I was surprised to read that Pakistan is contemplating importing 1,000 MW of electricity from India as I wasn’t aware that this has been discussed once earlier in 2012 as well.

Pakistan faces shortage of electricity regularly, and needs some short term measures to bridge the gap between demand and supply, but the surprising part to me was that India is not a surplus electricity generator itself, so how can India export electricity to Pakistan or for that matter, any other country?

I started by seeing if India exports electricity to any other country, and it appears that India does export electricity to Nepal with plans to start electricity exports to Bangladesh as well.

I think these are the only two countries that India exports any electricity as I couldn’t find any information on exports to other countries.

Among its neighbors, India imports electricity from Bhutan and that’s because Bhutan has surplus electricity generation.

According to MOSPI data – India consumed 6,12,645 GWh of electricity in 2010 – 11 so the 1,000 MW electricity export is a rather tiny amount, and I think this is more of a diplomatic step aimed at improving relationships rather than a measure that will have any meaningful impact on India’s overall trade or electricity production and consumption.  In that sense this is probably similar to the 1000 metric tons of onion imports from Pakistan back in the early part of 2011, except that Pakistan didn’t have an onion shortage of its own.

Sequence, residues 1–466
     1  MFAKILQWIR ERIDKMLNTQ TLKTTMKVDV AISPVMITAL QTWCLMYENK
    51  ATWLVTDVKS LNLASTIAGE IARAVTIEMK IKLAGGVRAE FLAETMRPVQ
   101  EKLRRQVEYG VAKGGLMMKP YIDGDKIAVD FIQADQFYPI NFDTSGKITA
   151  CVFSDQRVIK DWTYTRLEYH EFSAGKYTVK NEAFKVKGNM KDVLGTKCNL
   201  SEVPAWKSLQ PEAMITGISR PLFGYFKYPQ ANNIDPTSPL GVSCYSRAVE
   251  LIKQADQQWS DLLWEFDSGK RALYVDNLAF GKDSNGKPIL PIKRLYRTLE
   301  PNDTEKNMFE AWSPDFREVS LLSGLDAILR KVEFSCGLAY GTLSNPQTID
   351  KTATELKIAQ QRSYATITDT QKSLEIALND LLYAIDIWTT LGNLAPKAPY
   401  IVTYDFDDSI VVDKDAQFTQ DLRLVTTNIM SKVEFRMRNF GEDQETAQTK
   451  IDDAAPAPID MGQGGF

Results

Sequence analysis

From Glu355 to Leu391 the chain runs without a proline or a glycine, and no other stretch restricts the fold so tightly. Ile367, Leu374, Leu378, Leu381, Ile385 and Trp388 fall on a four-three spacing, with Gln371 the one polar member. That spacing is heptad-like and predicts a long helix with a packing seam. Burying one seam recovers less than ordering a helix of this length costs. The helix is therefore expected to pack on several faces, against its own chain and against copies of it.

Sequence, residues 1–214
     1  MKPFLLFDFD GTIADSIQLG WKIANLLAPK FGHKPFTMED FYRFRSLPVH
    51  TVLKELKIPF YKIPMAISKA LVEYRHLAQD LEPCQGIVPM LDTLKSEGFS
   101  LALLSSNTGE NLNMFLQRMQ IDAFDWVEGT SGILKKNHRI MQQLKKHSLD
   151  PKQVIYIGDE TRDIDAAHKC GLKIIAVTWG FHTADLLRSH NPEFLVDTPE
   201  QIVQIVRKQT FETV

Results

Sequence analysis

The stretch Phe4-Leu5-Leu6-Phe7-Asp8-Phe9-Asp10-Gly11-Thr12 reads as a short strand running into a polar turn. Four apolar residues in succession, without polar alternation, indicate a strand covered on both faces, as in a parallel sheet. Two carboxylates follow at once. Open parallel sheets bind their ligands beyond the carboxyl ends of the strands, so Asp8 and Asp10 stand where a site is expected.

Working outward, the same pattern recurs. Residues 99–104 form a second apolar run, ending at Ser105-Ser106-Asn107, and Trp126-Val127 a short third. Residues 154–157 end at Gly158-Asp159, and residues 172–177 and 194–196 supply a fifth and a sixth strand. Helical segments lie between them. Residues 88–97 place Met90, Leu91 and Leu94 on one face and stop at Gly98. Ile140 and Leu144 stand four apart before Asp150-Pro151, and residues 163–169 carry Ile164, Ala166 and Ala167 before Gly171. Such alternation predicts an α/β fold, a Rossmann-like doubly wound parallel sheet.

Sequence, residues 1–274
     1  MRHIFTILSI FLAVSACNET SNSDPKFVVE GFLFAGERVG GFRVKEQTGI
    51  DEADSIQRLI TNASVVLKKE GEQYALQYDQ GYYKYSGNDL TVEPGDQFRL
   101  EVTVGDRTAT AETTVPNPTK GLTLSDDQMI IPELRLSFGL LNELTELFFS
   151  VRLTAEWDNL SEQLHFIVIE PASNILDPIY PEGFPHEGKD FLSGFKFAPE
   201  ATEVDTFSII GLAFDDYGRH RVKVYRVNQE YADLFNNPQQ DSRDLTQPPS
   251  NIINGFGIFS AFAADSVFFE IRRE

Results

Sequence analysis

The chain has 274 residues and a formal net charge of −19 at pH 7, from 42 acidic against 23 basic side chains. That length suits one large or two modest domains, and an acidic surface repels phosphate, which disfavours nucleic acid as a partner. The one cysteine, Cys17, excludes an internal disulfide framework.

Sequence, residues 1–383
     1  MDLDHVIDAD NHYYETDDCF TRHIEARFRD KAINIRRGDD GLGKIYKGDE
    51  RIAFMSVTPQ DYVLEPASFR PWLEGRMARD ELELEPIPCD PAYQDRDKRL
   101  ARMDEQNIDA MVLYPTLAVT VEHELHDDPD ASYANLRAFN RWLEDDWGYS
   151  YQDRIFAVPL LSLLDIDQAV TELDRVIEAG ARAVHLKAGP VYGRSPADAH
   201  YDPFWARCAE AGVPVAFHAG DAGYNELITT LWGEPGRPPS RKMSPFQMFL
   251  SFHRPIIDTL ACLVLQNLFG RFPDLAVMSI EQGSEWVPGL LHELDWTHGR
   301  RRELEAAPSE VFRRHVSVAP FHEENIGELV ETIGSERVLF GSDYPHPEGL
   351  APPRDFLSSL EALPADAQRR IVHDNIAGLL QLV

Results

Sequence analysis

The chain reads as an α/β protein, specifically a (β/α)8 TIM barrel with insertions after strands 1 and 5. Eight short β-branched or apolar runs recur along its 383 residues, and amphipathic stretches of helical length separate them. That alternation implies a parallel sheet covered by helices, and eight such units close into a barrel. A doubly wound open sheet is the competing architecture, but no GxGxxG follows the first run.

Update: As xyz has pointed out in comments below, we can’t estimate how much electricity we will end up exporting based on the information currently available and therefore my conclusion is inaccurate. I have canceled out that part of the post, and I apologize for my oversight. 

India – China Trade Imbalance

India and China have a very skewed trade relationship in terms of relative importance of one to the other. China is by far India’s largest trading partner with a total trade of $75 billion between the two countries in 2012, but India doesn’t feature very high in China’s list.